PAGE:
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KERA’s American Graduate Initiative

Support for KERA’s American Graduate initiative is made possible in part by:

Lyda Hill Foundation
Meadows Foundation
American Graduate


The statistics are shocking: One of every four kids in an American high school drops out. That’s why KERA joined a national public broadcasting initiative, called American Graduate, to explore the dropout crisis.

This multiyear initiative included news stories and community outreach through radio, TV, video, social media and events.

Take a look at the topics we explored.



Class of ’17

American Graduate: Class of '17KERA News reporters Bill Zeeble and Stella Chavez launched an ambitious project starting in 2013 that followed a diverse group of students from across North Texas all the way through high school graduation.

• Joel Luera, W.W. Samuell High in Dallas
• Phantasia Chavers, Cedar Hill High
• Jerry Harris, Coppell High (before moving to Oklahoma and graduating there)
• Alex Gutierrez, International Leadership School of Texas in Garland
• Ricky Rijos, Jr., Flower Mound High
• Kelly Bowdy, O.D. Wyatt in Fort Worth
• Chance Hawkins, Cassata Catholic High in Fort Worth

» See, read about and listen to their stories.

Poverty, Race and the Changing Face of Schools

American Graduate: Poverty, Race and the Changing Face of SchoolsPublic schools in North Texas have experienced several demographic shifts over the past half-century. From integration and white flight to immigration and charter schools, the educational landscape has been reshaped.

In this series, we dig deeply into four North Texas high schools — Kimball, Duncanville, Liberty and Wyatt — to explore how the economy and changing demographics affect students’ path to graduation.

» See, read about and listen to the stories.




Homelessness in High School

American Graduate: Homeless in High School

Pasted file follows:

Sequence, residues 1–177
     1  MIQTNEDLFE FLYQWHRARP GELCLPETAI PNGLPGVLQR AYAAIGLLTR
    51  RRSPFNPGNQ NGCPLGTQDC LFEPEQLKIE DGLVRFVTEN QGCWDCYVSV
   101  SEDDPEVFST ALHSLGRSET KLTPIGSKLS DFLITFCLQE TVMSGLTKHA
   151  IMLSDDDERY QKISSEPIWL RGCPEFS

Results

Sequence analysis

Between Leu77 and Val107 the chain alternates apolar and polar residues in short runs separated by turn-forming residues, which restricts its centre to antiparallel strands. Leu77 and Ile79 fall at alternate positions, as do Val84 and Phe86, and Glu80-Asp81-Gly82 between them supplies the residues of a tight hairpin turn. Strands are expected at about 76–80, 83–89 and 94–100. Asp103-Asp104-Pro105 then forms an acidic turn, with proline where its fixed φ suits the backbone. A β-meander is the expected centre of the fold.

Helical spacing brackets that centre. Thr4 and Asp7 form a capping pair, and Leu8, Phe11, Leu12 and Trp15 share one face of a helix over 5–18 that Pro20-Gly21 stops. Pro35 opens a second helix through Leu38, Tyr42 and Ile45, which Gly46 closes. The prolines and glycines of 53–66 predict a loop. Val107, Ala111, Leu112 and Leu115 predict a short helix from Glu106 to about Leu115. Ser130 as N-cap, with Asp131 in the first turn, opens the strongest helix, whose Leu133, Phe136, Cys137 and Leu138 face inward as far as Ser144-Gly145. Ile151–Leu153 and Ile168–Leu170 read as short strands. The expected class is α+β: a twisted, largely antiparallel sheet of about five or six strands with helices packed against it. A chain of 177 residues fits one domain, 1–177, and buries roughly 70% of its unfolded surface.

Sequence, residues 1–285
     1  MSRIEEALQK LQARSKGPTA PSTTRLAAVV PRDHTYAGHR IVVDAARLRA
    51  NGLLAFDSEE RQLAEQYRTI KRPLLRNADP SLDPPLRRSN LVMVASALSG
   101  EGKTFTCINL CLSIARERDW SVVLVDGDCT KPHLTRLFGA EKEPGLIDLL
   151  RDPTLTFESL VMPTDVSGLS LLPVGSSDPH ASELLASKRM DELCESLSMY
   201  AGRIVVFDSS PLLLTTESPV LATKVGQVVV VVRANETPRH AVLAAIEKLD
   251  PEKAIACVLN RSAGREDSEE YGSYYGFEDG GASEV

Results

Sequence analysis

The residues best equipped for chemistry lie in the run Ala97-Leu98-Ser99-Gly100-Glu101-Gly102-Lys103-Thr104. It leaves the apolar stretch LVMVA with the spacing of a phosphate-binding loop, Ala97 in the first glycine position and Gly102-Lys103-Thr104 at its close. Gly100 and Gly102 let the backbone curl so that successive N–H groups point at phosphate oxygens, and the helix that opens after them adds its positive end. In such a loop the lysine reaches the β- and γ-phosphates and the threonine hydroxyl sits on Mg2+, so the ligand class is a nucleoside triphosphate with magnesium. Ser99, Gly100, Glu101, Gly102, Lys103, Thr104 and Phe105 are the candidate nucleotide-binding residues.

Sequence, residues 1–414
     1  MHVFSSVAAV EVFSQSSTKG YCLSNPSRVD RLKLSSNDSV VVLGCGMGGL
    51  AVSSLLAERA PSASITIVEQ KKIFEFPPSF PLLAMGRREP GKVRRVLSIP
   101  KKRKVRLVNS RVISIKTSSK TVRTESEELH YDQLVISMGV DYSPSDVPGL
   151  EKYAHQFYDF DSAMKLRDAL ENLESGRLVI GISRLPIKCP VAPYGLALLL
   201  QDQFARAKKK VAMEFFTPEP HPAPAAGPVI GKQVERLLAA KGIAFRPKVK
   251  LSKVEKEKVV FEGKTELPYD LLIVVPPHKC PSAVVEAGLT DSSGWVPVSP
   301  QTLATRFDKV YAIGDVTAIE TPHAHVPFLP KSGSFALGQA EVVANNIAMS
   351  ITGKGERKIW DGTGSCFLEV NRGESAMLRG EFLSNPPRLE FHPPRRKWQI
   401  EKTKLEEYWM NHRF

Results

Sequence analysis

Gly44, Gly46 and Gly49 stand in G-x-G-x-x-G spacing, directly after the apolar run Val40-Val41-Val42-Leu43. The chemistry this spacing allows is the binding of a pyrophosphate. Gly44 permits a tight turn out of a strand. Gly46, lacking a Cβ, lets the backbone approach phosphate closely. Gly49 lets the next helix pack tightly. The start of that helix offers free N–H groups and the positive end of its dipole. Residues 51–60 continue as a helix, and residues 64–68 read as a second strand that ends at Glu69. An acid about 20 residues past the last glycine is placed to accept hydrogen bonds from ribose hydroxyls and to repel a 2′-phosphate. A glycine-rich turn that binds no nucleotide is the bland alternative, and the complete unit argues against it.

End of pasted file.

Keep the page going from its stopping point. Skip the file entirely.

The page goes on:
For many teens, graduating from high school is tough enough. Try doing all that reading, homework and studying when you don’t have a place to live.

About 110,000 kids in Texas public schools are considered homeless. Many stay with relatives or friends. Others live in shelters or motels. Some even live on the street.

In this series, we followed some of these students in North Texas — and the people who are helping them out.

» See, read about and listen to their stories.


Generation One

American Graduate: Generation One
In Texas, one in three children has a parent who’s an immigrant — or they’re immigrants themselves. They have to learn a new language, adapt to a different culture and try to fit into a community that may not embrace newcomers.

We examined the experiences of several first-generation Texans and the educators weaving them into the American tapestry.

This project was reported with assistance from an Institute for Justice & Journalism fellowship.

» See, read about and listen to their stories.


Watch our American Graduate video playlist.




LINK (first week series)



Think host Krys Boyd has focused on education issues as part of the American Graduate project.

» Dreaming Of The Dream Act

For many children who were brought to the U.S. illegally by their parents, America is the only home they’ve ever known. Reality sets in, however, when they find it difficult to qualify for financial aid for college or to get a job to pay for their education. We talked about how the American Dream is out of reach for many young people who grew up here with Eileen Truax, author of Dreamers: An Immigrant Generation’s Fight for Their American Dream.
Krys Boyd

» You Are Not Your Alma Mater

Each year high school seniors pray for an acceptance letter to their dream college and start to get realistic about attending that safety school. We talked about why all of that stress is overblown with New York Times columnist Frank Bruni. His book is Where You Go Is Not Who You’ll Be: An Antidote to the College Admissions Mania.

» Intellectual Gaming

Parents and educators alike decry the many hours kids spend playing video games. But what if video games are actually the key to more sophisticated learning? We talked about the potential for games as a teaching tool with Greg Toppo, author of The Game Believes in You: How Digital Play Can Make Our Kids Smarter.

» A How-To From UT Teachers

Good teachers develop their skills over time and the best teaching instructors just might be teachers themselves. That’s the idea behind The Little Orange Book: Short Lessons in Excellent Teaching. Two of the book’s contributors are Brent Iverson of UT Austin and John Sibert of UT Dallas.

View all KERA Education News

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